The Outer Banks of North Carolina
I specialize in making fine jewelry, therefore I purchase some of the rarest and most perfectly conditioned shards from collectors all over the world. However, they are never altered in any way and are always set as they are found, with the only exceptions being earrings or charm pendants that I will drill tiny holes into in order to make connections. I never tire of the hunt for sea glass on my local beaches, however, and collecting shards along the Outer Banks of North Carolina always makes me wonder where life began for these precious treasures.
Although Native Americans were undoubtedly the first inhabitants of the Outer Banks, the first visitors from the period of the early 1500s to the early 18th century were pirates and former privateers who had been under the protection of the British crown. The privateers did not discriminate, and attacked any ship possessing a bounty of carge, including the British. As for the pirates, who only needed a fast ship and a crew that would do anything for treausre, Blackbeard was our most infamous and frequent visitor. A large, muscular man with long black hair and a beard braided in pigtails, it is reported that just before boarding a captured ship he would light slow-burning matches and insert them in his beard to give off wisps of smoke.
The early history about the Outer Banks is mostly about the people who lived there during this time, most of them drawn by the wreckage that littered the beaches and surrounding inlets. The miles of beaches and sandy dunes were frequently strewn with boxes, crates, and barrels full of bounty ...gold, silver, rum, whiskey, and sugar brought many of the first settlers of the new world to our area.
Living in the most dangerous part of the new world was difficult at best. With no significant shelter to protect them from the raging storms, only minimal amounts of water collected in canvas 'catch basins', constant battles with the natives, famine, disease ...always a step away from death's door. These were the first new world residents of the 'Banks'.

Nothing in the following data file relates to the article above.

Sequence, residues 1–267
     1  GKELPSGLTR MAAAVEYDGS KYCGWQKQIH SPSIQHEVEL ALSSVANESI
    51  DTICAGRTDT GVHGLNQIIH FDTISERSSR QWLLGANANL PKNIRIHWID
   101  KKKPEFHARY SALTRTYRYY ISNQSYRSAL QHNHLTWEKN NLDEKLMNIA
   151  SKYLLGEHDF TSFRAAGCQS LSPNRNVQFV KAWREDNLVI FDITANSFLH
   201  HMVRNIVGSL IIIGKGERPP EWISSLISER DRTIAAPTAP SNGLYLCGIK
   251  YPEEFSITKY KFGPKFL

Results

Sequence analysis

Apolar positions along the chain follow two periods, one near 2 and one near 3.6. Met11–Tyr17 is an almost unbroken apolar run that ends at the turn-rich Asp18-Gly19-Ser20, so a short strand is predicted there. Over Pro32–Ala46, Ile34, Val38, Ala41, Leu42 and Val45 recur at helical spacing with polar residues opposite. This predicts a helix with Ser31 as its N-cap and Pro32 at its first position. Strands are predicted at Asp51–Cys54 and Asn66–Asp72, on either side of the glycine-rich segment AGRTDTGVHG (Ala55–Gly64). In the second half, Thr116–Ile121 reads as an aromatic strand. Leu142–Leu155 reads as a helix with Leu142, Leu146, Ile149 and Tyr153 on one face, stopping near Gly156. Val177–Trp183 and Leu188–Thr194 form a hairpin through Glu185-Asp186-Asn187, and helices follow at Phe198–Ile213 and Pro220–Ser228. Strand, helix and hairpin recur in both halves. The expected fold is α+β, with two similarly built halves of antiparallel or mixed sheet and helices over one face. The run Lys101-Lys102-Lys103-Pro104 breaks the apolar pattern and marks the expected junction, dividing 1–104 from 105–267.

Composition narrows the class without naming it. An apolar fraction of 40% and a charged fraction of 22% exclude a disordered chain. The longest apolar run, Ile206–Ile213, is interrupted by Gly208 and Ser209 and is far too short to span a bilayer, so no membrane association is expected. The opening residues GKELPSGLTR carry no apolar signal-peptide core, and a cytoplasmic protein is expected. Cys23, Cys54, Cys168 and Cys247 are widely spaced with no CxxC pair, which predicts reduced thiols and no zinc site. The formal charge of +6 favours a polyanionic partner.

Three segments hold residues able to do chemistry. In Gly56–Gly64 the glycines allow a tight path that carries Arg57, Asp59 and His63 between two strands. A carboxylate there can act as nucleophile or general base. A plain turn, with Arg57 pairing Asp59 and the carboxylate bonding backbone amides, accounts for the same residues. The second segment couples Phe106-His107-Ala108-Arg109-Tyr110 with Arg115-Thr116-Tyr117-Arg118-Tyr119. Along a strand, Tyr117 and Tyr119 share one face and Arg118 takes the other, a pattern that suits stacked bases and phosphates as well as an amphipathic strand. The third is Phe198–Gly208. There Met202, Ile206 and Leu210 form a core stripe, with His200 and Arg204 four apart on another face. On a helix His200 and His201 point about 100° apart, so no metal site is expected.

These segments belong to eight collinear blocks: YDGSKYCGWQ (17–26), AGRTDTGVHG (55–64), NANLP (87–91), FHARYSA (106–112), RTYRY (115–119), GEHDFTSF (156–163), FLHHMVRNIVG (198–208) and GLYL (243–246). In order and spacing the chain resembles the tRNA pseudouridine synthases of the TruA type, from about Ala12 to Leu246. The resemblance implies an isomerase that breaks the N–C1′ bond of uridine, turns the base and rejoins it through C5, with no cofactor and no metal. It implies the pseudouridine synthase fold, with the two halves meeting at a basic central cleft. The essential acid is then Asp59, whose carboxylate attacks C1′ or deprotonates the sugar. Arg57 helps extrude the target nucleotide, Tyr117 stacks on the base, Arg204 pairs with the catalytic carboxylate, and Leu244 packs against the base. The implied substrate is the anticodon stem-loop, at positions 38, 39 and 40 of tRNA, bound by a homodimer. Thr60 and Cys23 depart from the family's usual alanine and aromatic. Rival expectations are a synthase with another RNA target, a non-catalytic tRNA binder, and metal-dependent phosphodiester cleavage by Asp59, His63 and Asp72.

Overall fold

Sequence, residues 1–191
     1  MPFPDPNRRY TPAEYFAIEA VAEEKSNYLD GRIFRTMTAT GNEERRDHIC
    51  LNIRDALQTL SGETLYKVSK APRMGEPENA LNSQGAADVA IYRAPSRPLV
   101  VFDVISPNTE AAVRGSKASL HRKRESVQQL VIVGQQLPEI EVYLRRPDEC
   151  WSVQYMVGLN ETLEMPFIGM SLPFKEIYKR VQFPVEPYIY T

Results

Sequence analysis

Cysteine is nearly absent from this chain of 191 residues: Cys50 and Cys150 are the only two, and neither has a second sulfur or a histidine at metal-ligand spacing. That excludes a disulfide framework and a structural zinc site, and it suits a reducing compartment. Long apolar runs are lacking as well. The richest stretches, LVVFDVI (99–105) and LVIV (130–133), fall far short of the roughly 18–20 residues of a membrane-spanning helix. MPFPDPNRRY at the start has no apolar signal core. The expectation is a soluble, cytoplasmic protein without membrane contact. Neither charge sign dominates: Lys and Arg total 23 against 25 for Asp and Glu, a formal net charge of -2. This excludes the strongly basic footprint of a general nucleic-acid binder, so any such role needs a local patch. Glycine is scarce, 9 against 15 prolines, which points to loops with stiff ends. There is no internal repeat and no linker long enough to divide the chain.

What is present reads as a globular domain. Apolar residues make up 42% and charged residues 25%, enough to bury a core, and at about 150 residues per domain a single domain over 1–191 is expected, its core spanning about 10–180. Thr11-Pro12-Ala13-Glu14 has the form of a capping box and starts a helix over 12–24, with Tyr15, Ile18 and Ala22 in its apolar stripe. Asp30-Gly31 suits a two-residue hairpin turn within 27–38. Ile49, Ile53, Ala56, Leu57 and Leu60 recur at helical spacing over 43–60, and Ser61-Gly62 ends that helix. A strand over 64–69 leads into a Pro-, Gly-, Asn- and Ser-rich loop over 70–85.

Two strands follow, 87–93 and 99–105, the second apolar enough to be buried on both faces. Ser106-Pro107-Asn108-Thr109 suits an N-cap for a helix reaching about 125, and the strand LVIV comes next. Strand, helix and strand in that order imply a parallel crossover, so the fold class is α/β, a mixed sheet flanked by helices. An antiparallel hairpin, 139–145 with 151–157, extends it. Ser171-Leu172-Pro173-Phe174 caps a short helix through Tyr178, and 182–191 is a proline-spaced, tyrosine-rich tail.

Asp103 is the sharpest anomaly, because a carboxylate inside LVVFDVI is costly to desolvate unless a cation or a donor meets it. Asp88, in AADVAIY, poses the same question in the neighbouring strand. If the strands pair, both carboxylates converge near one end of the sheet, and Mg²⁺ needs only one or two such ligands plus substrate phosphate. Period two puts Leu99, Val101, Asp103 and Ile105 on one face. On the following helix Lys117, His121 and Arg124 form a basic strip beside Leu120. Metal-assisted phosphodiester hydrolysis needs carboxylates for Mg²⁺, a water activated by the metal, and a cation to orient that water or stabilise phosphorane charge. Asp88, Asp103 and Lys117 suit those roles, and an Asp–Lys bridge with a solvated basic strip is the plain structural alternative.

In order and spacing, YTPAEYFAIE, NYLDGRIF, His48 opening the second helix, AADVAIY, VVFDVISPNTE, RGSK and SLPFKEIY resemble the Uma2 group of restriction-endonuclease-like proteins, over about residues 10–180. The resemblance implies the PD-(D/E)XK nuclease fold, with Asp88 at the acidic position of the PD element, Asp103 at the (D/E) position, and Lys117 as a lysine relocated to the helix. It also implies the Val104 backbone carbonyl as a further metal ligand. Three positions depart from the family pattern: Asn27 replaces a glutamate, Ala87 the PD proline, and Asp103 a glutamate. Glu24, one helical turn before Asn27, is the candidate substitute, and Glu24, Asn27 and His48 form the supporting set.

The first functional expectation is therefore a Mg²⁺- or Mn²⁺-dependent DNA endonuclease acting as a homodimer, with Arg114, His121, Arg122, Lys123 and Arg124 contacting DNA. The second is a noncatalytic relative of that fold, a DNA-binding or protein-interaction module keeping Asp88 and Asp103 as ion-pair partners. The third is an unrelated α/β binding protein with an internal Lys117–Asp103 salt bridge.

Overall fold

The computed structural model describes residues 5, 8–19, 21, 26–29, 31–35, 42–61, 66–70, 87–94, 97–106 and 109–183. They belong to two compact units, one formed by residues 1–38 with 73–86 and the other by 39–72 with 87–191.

The term 'Graveyard of the Atlantic' is a name given to the treacherous waters of the Atlantic Ocean adjacent to the Outer Banks and Virginia coastline south of the entrance to the Chesapeake Bay at Cape Henry. In this area of the ocean, the cold waters around Greenland collide with the much warmer temperatures of the Gulf Stream flowing north from the Caribbean Sea.
The combination of severe weather, strong currents, and navigational challenges along the coast have combined to cause the loss of thousands of ships and countless human lives. Additionally, the Civil War battles and german U-Boats of World War II have also contributed significantly to these numbers, as have countless vessels lost or sunk during Prohibition, when rum-running was a part of our history. Since record-keeping began in 1526, more than 2000 ships have been lost in the waters off our coastline.
To be sure, the Outer Banks is a great place to look for sea glass treasure, and in my lifetime I have personally amassed a collection upwards of half a million pieces!!!